Stand firm then, with the belt of truth buckled around your waist, with the breastplate of righteousness in place, and with your feet fitted with the readiness that comes from the gospel of peace. In addition to all this, take up the shield of faith, with which you can extinguish all the flaming arrows of the evil one. Take the helmet of salvation and the sword of the Spirit, which is the word of God. (Ephesians 6. 14-17)
For years I had experienced both suffering and a passion for Christ’s love but I didn’t study His Word every day. I didn’t know Christ’s personality because I didn’t take the time to become His personal friend. Many of us will turn to our family and closest friends for help when we feel troubled and accept their advice even when we would rather do something different. Why do we do this? Because we have lived with them, spent quality time with them, and know that they ‘get’ the real us. Christ knows each of us intimately but can we say the same the same about Him? I went to church religiously and listened to the Word eagerly but only got a snapshot view. How could I understand Christ if I wasn’t willing to spend the time every day to “get Him” too? On my Christian journey I have learnt one important fact by trial and error. The Word of God is as important to us as water and food. Without it we die. But if Christ is our Field Marshall we can never die.
Me Before You (Ros' Blog)
There are many things that Christians may disagree about, some of them peripheral and others perhaps more foundational. But one thing I think all of us can agree on is that the Bible gives a clear picture of every human being as made in the image of God and being of infinite value because of being chosen, created and loved by God. As a result, no life is insignificant, and every human being matters to the moment when they draw their last breath.
I am thinking about this at present because I have just come back from seeing Me Before You, and honestly, it is hard to know where to start analysing all that is wrong with this film. It typifies the anxiety of the 'worried well' that disability must be unendurable – something most disabled people would strongly disagree with. The story is of Will, a young man paralysed in a road accident, who falls in love with his carer/companion, Louise, but nevertheless opts for suicide, handily leaving her a small fortune.
Perhaps one of the best ways I can convey this is to ask you to imagine a film in which a black person living in a largely white community (and played by a white actor 'blacking up') concludes that his life is so unlike that of the white people around him that he would be better off dead, and obligingly commits suicide, leaving a large amount of money to someone who is thus conveniently enabled to leave a life of poverty and restriction in order to better herself. Of course Hollywood would never make such a film – there would be outrage at such dehumanising and belittling of someone for their ethnicity, and quite rightly too.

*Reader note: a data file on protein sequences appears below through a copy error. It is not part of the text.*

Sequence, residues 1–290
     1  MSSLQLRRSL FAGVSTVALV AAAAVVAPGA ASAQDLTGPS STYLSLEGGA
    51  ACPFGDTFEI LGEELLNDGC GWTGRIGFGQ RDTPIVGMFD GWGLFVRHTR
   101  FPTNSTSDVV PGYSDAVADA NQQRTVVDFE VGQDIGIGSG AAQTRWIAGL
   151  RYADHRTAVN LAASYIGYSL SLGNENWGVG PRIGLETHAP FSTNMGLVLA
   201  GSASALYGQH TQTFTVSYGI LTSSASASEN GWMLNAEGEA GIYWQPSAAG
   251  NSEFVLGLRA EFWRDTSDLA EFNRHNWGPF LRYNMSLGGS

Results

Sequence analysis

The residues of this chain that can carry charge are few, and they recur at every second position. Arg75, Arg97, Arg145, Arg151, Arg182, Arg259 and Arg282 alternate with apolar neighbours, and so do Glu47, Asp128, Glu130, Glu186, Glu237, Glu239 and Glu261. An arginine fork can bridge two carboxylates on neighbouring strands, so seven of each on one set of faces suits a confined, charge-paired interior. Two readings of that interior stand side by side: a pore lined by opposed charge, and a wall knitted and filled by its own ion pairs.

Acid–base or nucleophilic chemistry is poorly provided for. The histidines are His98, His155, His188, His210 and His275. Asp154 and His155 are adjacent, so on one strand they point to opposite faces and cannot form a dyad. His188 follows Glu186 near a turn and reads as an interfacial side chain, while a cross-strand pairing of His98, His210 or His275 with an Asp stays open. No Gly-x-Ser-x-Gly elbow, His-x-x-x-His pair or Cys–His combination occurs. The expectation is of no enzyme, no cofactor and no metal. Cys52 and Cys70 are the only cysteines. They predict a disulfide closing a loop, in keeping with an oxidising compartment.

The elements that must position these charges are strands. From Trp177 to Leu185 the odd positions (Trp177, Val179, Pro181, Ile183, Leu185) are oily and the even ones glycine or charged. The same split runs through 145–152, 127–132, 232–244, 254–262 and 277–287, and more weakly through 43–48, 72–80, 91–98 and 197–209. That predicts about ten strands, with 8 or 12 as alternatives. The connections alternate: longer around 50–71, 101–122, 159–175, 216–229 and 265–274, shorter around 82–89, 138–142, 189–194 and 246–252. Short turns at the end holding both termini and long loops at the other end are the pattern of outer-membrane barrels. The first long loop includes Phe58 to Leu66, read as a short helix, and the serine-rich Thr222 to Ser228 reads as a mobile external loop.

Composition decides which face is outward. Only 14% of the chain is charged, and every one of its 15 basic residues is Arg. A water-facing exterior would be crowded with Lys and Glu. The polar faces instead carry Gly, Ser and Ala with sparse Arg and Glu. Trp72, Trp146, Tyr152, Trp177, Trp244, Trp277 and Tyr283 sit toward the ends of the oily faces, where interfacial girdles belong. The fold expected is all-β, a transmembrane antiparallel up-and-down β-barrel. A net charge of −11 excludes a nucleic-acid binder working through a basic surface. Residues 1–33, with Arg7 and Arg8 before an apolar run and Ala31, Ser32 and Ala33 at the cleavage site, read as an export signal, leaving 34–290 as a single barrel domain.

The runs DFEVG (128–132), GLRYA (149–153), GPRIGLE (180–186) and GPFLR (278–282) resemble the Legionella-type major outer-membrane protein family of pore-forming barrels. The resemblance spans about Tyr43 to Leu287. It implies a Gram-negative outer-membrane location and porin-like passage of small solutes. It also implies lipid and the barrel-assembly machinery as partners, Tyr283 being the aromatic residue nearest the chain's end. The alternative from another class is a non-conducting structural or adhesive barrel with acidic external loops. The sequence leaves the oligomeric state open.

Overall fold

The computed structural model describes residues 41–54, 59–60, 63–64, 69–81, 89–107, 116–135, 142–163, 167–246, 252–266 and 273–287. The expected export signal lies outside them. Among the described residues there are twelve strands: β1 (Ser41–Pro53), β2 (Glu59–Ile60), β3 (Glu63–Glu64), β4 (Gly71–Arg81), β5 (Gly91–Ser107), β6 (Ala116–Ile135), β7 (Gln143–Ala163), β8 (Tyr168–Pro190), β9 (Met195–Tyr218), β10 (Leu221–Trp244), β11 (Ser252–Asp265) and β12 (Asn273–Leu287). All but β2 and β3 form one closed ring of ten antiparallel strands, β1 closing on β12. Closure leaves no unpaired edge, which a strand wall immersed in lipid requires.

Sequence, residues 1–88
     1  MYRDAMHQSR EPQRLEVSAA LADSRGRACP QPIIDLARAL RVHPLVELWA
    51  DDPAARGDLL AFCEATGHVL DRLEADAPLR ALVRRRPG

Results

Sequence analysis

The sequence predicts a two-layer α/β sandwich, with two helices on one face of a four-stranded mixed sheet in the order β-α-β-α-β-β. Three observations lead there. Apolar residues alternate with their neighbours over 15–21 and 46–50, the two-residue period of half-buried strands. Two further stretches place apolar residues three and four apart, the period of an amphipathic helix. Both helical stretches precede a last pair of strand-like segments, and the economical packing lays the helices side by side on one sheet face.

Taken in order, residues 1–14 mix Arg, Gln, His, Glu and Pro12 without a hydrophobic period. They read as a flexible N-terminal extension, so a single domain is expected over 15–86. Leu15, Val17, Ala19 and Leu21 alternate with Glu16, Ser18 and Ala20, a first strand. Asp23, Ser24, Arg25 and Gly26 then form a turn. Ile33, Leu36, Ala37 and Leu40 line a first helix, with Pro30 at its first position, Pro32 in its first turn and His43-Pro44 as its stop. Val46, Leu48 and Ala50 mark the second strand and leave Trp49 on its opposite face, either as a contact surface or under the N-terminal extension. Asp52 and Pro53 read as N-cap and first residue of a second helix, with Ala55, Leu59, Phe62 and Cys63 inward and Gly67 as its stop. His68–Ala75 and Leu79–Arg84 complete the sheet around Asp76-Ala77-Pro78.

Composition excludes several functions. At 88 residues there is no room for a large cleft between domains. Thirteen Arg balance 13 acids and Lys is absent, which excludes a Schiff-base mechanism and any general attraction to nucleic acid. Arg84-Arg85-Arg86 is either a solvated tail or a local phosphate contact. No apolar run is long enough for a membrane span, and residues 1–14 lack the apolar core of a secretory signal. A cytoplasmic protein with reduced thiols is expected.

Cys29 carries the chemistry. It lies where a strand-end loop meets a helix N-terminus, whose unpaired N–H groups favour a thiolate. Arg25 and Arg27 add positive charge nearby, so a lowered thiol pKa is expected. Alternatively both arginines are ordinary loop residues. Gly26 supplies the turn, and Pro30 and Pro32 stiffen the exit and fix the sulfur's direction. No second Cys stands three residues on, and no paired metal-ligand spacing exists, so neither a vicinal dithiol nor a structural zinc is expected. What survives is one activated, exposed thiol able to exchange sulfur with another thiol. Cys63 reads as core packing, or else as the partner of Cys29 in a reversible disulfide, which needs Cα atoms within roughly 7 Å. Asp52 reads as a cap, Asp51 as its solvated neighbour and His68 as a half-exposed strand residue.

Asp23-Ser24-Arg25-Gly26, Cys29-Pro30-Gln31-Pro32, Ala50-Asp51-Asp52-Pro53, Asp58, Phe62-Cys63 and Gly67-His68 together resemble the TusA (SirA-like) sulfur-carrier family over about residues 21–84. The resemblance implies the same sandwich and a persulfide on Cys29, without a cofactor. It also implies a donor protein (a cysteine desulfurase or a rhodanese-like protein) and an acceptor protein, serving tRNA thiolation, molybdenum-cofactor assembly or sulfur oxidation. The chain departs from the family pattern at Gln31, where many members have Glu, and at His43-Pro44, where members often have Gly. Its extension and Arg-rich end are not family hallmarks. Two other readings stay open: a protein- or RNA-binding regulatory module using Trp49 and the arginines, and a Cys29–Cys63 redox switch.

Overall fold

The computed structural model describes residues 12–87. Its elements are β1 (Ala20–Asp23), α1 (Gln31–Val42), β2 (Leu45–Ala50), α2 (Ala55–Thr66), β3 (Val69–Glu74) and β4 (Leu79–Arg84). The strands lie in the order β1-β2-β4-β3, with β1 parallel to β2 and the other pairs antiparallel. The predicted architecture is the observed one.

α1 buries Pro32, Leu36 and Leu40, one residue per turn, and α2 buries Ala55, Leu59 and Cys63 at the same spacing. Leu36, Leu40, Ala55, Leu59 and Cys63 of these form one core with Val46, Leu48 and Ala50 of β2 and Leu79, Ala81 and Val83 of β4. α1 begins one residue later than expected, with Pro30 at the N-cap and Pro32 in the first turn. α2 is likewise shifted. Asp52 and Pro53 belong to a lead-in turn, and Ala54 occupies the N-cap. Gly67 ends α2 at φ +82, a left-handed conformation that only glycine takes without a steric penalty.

But apparently Hollywood has no such qualms about a non-disabled actor 'cripping up' to tell us that if you lose the physical abilities you once had, nothing – not even the vibrant and devoted love of a person full of life and zest – can ever make your life worth living again. While this is not seen as acceptable based on ethnicity, gender, sexual orientation or any other trait, disability is placed into another category and it is apparently tolerable to diminish the value of disabled people’s lives to the point where they should consider themselves better off dead.
Why, in the twenty-first century, is such an idea even countenanced? The messages of this film seem to be:
- If your current boyfriend is enough of a selfish pig you might even fall for a cripple
- Even the strongest of human spirits is not indomitable enough to weather a terrible storm and wait for life to feel better again
- Needing assistance with bodily functions robs you of all your human dignity and leaves you with no hope but to find 'dignity in dying'
And that’s the key to the message of this film. There is a highly lucrative business in persuading people to believe that assisted dying affords more dignity than assisted living. Of course it is far cheaper for health insurers in the US and the NHS in the UK to kill someone than to provide for their lifelong care. But is that any reason to keep pushing this message into the public consciousness? The teaching of the Bible and the example of Jesus tell us that no price is too great to put on a human life.